A potentially misleading Fox News caption did not provide a sufficient basis for a finding of false and defamatory meaning when viewed as just one part of an entire broadcast, a California appeals court ruled Thursday in a 2-1 decision.
The Fourth District Court of Appeals opinion centered on the caption “MANHUNT AT THE BORDER,” which aired on “Hannity & Colmes” during a November 2006 segment on anti-illegal-immigration advocate John Monti’s claim that a group of illegal immigrants had attacked him when he tried to photograph them. The caption was on-screen throughout the four-minute piece, during which the network showed a “wanted” poster created by Monti and picturing the seven plaintiffs.
The appeals court ruled that the libel claim was properly dismissed under California’s anti-SLAPP (Strategic Lawsuit Against Public Participation) statute, because the plaintiffs would be unable to show that Fox actually made the statement "that law enforcement officials were conducting a ‘manhunt’ for plaintiffs.” The court rejected the argument that such a statement was implied by the “manhunt” caption. The court concluded that the only reasonable reading of the caption, viewed in the context of the entire segment, was that it referred to Monti’s own search for the workers who allegedly assaulted him.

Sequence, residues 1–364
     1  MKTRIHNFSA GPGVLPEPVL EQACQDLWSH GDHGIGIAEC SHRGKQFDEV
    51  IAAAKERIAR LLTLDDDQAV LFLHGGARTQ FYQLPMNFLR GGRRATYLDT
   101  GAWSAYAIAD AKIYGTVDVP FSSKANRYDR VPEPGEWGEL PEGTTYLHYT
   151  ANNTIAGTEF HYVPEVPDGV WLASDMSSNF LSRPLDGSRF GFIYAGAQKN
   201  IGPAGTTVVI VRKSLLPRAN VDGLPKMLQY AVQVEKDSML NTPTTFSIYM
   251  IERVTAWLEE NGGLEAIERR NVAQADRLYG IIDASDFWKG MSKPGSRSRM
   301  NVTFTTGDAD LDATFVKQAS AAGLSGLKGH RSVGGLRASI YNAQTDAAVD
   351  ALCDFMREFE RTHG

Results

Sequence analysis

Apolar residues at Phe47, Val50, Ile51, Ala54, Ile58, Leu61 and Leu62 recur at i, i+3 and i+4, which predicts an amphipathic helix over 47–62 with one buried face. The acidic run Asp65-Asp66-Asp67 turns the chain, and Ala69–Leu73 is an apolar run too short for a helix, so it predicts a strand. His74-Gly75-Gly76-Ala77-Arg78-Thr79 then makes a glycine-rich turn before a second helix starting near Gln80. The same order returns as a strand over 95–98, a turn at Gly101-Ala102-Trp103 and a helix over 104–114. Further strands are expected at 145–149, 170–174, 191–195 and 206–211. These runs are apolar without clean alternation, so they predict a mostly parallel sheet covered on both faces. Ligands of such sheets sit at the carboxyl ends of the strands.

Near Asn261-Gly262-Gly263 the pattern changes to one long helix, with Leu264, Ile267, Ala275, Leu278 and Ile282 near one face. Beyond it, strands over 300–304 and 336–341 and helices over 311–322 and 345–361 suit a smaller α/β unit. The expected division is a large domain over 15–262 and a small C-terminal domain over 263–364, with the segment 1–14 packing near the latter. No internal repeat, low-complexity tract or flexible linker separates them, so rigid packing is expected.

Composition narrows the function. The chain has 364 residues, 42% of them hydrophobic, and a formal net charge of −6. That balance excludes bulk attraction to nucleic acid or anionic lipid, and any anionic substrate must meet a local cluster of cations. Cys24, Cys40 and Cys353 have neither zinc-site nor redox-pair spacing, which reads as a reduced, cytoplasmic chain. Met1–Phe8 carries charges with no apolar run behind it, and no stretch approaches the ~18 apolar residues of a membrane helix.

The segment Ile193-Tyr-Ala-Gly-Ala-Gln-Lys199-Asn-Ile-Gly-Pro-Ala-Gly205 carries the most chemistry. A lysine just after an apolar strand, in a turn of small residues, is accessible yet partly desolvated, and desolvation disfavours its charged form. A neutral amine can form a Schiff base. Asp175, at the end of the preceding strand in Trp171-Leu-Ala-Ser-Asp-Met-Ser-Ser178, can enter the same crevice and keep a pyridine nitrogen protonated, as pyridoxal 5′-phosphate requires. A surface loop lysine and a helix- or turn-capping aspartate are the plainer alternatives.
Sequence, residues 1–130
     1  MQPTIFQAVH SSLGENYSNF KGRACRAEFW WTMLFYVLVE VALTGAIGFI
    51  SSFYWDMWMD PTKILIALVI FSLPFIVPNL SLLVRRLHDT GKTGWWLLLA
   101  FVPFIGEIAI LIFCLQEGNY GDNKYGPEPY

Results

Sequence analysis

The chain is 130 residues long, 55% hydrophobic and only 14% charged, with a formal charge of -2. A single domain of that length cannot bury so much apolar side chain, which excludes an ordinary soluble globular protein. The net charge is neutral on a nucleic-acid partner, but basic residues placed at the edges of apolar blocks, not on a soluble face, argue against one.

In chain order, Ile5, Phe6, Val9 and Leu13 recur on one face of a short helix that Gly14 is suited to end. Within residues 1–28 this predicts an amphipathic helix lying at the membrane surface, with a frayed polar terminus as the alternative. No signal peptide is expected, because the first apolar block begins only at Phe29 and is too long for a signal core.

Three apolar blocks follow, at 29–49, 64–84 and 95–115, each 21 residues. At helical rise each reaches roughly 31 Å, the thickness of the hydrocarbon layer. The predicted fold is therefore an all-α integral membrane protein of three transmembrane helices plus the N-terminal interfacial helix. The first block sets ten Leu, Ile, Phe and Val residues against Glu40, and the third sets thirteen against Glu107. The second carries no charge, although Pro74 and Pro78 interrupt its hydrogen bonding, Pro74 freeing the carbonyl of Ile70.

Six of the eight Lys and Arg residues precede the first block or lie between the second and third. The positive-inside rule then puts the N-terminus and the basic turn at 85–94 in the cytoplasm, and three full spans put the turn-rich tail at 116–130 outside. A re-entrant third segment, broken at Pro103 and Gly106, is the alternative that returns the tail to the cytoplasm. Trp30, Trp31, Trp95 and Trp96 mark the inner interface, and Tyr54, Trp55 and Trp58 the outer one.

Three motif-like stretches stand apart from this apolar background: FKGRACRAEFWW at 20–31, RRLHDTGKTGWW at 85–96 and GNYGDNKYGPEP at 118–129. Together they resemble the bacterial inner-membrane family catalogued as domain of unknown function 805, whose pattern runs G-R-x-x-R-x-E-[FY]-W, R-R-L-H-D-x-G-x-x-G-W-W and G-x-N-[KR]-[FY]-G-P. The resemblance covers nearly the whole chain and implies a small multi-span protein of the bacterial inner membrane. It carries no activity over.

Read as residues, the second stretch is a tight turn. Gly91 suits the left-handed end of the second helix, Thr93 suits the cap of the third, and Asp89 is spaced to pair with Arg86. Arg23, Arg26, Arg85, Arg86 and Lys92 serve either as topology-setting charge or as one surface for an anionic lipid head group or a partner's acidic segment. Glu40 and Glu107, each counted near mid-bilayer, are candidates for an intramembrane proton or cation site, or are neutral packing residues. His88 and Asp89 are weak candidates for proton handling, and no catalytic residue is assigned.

The fact that the caption was on-screen throughout the entire segment actually helped Fox, because the court found “a reasonable viewer would understand the caption’s purpose was to highlight and draw attention to the story, rather than as a vehicle for communicating an objective fact that was not consistent with the verbal portion of the story.”
Fox News lawyer Guylyn R. Cummins said what mattered in the case is that “the factual underpinnings of the broadcast were true.”
In the opinion, the court recognized the “broad First Amendment rights” enjoyed by a cable news network, even when its presentation might be questionable. “Although the Fox News telecast may not have been ‘fair and balanced,’ it did not have the defamatory meaning alleged by plaintiffs and thus is not actionable,” the court held.
The dissenting justice insisted that the most reasonable reading of the “manhunt” caption was that it referred to a search conducted by law enforcement.